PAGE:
Reporting system for ‘swimmer’s itch’ could help prevent nuisance skin infection, researchers argue

News article 21 May 2024
Image of water

A reporting system for cases of ‘swimmer’s itch’ – a generally harmless but nuisance skin infection found in freshwater – would help raise awareness of the condition and where it has been identified at popular swimming spots, the authors of a recent small-scale study suggest.

‘Swimmer’s itch’, or human cercarial dermatitis (HCD), is a skin infection caused by parasites that live in freshwater snails that can be spread during warm, sunny weather. It causes an unpleasant, itchy rash and skin redness that usually lasts for a couple of days.

Earlier this year, researchers from Liverpool School of Tropical Medicine (LSTM) and Budapest Semmelweis University reviewed evidence about the prevalence of HCD in UK rivers, lakes and ponds, and their paper, published in Parasites & Vectors, found only a very small number of previous studies into outbreaks stretching back for almost a century.

However, following media reports of outbreaks of HCD in recent years as open water swimming increases in popularity, researchers argue that it is likely that the prevalence of HCD is underreported in the UK.

And as we approach summer, when open water swimming tends to rise in popularity, they suggest that a reporting system, similar to what is in place in the US for HCD and in the UK for ticks, would help to identify disease hotspots, how prevalent it is, and increase public awareness of ways to prevent the infection.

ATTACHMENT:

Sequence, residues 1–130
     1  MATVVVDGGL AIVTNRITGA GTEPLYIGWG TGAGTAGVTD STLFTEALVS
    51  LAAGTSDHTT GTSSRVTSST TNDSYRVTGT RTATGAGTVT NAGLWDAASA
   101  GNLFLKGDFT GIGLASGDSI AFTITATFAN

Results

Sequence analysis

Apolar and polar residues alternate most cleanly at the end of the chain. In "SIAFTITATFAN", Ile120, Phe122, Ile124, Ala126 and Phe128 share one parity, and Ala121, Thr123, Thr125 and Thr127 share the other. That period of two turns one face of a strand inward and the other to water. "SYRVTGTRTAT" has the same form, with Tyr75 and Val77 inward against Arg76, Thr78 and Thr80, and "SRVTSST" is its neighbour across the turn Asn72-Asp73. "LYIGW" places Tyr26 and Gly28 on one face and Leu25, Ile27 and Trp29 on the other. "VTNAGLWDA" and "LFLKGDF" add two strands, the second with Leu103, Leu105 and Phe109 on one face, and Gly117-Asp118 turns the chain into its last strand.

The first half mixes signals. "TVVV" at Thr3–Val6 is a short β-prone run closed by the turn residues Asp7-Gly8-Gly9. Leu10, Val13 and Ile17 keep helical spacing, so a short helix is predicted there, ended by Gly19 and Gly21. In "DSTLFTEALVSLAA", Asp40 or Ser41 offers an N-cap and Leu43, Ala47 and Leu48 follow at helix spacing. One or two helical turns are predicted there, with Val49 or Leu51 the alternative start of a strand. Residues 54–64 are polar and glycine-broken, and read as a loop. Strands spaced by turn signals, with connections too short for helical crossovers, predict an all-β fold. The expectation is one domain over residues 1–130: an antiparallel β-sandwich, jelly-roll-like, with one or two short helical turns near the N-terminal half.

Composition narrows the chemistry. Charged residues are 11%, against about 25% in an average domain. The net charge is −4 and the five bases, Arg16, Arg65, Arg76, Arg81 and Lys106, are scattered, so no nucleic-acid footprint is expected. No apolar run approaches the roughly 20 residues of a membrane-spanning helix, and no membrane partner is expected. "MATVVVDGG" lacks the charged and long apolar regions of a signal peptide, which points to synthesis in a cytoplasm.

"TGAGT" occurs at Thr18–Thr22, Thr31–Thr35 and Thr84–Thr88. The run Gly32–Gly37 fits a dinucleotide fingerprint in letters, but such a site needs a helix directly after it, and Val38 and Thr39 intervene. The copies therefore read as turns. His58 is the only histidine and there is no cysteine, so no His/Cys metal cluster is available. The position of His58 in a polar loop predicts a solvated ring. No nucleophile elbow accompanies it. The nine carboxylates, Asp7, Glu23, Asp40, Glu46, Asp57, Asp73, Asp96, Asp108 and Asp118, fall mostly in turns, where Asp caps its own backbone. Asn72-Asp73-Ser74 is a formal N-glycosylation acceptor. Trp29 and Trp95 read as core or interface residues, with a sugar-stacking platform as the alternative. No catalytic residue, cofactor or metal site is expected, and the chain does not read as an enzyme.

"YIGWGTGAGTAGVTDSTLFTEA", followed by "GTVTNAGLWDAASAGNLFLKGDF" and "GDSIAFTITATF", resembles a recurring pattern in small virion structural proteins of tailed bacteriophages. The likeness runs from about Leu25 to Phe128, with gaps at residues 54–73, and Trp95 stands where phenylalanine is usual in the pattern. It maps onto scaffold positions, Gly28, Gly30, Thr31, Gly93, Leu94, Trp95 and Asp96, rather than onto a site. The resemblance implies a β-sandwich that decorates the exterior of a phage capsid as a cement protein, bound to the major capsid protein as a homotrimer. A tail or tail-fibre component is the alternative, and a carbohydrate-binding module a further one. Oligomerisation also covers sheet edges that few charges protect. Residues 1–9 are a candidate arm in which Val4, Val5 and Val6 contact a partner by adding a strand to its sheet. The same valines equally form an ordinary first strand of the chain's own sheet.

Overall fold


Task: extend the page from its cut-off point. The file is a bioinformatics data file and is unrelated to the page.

Iodine stained avian cercariae as seen down a light microscope

Dr Alexandra Juhasz, Post-Doctoral Research Associate at Liverpool School of Tropical Medicine and senior lecturer at the Institute of Medical Microbiology of Semmelweis University, Hungary, said: "Research in this area is scarce. Through our evidence review, we found only eight scientific publications regarding cases in the UK where the presence of HCD was tested and evident. However, media reports and other sources suggest there have been many more suspected cases across the UK over the past decade. It highlights the need for an official reporting and monitoring system to better understand the prevalence of HCD.”

HCD is caused by a parasite, avian schistosome cercariae, first discovered in the US a hundred years ago. The parasite lives and multiplies in freshwater snails before it is released into the water, where it usually infects aquatic birds. It can occasionally instead infect human skin, where the parasite dies and triggers an allergic reaction which causes the redness and an itchy rash. 

Although the skin usually heals in a week without serious complications, secondary bacterial infection can occur, especially in children, who will need antibiotics.

Climate change is also affecting the times, ways and routes that water birds migrate. As these change, so will the areas in the UK where they infect snails.

Checking freshwater snails for avian cercariae

Orla Kerr, a medical student based at LSTM during the study, said: "We observed that these parasites and the infections typically occur in the summer months, having adapted to the swimming season and benefitting from the generally warmer weather. Owing to the climate crisis and as temperatures increase, a national monitoring system would therefore be even more sensible. " 

For more information on HCD/swimmer’s itch and wild swimming, please read the following government/UKHSA/expert resources: